As another option, the new Skoda Fabia is impressive. The DSG gearbox is about as good as automatics come. A 1.2 TSi Ambition model starts at €19,295, which is around €1,300 cheaper than the Yaris and i20. It would be excellent in city conditions. Motor tax is €190 and it should be frugal as it shares the same engine as the other TSi models in the VW group.
You also mentioned the Hyundai i10 but this is quite a bit smaller than the i20 et al. However, if a city car is suitable, then take a close look at the SEAT Mii in SE trim. It is essentially the same as the Skoda Citigo and VW up! but costs a little less.
Eddie: I've a feeling the Volkswagen up! might fit your bill. It is roomy and rock solid, well specced, has a 75bhp 1-litre petrol (€190 tax) engine and a 5spd ASG transmission. This lets you drive in automatic mode but you can manually shift gears as well. And there's a keen PCP deal (1.9pc APR). It's smaller than the i20 which I think is an excellent motor now but does your son need that size of car?
I drive a 2011 Ford C-MAX 1.6 diesel which has 100,000kms. I wish to move up by 2-3 years. I like the car but it seems expensive to change. Any suggestion about other cars? Budget €8,000 and I need a tall car. My average mileage is 30,000km a year - mostly country driving.
Aidan: I assume your budget excludes trading in your car. If that is the case, I think it is prudent to work with a budget in the late teens.
Take a close look at the Citroen C4 Grand Picasso. You should get one of the last of the 2013 models in Edition specification. This is tall, spacious and practical and families love it. Spec levels and driving position are excellent.
If you do not need a seven-seater, then watch out for one of the rare five-seat Picassos. The Grand holds a premium over the regular model so this will help your budget too. However, if you can, do stretch to the Grand.
The Peugeot 3008 is a sensible option too. It has a 1.6-litre diesel that will perform similarly to your C-MAX. It sold best in Active trim, which adds quite a few tasty features. The boot has a split tailgate, which makes loading and unloading much easier. If my assessment of your budget is accurate, then 2013 models are certainly within your grasp.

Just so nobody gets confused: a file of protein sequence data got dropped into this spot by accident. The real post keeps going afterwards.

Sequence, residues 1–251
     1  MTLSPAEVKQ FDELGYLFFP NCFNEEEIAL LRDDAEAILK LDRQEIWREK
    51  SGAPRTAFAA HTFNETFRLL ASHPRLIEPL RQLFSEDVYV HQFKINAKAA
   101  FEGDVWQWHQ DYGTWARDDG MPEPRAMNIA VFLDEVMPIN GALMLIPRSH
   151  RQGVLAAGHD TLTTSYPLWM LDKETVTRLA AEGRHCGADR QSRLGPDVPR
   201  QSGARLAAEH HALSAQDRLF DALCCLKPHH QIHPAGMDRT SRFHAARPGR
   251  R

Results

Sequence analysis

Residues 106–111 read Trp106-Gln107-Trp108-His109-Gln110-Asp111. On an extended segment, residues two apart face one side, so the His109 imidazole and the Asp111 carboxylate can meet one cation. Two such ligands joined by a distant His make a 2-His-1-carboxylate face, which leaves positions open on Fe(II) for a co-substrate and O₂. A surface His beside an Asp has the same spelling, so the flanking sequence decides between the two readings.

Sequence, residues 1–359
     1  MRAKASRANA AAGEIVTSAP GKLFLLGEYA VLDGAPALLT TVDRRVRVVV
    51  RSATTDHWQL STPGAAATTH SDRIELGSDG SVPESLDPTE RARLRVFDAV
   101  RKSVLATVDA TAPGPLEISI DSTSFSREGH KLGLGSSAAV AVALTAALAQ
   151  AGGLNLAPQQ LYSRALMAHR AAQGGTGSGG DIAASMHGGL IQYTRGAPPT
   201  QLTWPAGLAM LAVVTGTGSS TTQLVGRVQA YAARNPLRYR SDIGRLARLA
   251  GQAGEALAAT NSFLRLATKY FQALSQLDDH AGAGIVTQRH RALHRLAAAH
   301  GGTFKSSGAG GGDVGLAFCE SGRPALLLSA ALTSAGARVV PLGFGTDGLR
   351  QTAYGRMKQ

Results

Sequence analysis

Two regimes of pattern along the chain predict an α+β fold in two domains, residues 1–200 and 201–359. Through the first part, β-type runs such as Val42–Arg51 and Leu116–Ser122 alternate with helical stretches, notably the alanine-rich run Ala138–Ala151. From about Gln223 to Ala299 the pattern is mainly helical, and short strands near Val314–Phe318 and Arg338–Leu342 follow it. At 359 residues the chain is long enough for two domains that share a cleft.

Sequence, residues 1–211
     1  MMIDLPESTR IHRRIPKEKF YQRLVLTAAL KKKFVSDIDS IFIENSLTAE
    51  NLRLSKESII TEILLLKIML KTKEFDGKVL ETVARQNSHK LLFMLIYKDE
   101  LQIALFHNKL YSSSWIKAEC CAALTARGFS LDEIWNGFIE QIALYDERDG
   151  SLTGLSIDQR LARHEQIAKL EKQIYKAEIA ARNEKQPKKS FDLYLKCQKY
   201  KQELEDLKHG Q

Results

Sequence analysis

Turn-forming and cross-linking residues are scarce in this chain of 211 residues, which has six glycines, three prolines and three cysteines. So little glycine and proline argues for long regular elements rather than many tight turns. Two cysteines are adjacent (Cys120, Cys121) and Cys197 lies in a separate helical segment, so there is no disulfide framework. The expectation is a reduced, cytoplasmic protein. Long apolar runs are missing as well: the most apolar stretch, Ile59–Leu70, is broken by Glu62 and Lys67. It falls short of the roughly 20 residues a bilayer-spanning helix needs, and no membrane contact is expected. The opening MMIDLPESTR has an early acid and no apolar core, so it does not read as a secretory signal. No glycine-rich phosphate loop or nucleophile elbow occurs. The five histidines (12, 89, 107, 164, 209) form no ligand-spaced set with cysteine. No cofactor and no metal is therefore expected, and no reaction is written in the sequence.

Eddie: Funny enough I've just driven the facelifted C-Max (5-and-7-seater) and I wonder if you wouldn't get a better deal by sticking with Ford. It is a fair improvement. Could you manage a PCP? If you can't I think you'll still do better trading like for like. I also like the Toyota Verso.
I have a straight question. Which should I buy: A Toyota Prius or a Toyota Avensis diesel - I hear there is a new one coming later in the summer? I have €30,000 budget and am driving an 06 Corolla with 120,000 miles. We have two children (10 and 12). I will be borrowing half the money from my credit union. It will be our only car. We live in the country and the nearest town is five miles.
Aidan: I'm afraid I cannot reciprocate with a similarly straight answer because not only is there an updated Avensis coming shortly, there is also a new Prius not too far off. The signs look good. There will be a new 1.6 D4D engine that has been designed in conjunction with BMW. It also looks handsome.
The present model is a little cheaper than the Prius but don't forget the Prius is automatic. The five-mile trip into town could conceivably not cost you a cent with the Prius but if the rest of your driving is covered over long stretches then a diesel Avensis will even that argument out. I think you should wait until the Avensis arrives and then drive both cars back-to-back. Hopefully by that time, more concrete details will have emerged about the Prius, too.
Eddie: Let a couple or three dealers make you an offer on the current Prius and 'new' Avensis and see where the euro fall. There isn't much between them but you really have to wait for the new Avensis to make any decision no matter what deal you're offered on the existing one. They are worlds apart on looks alone. It's due here for the July 152-reg. The Prius is, effectively, for next year. Let the money decide for you.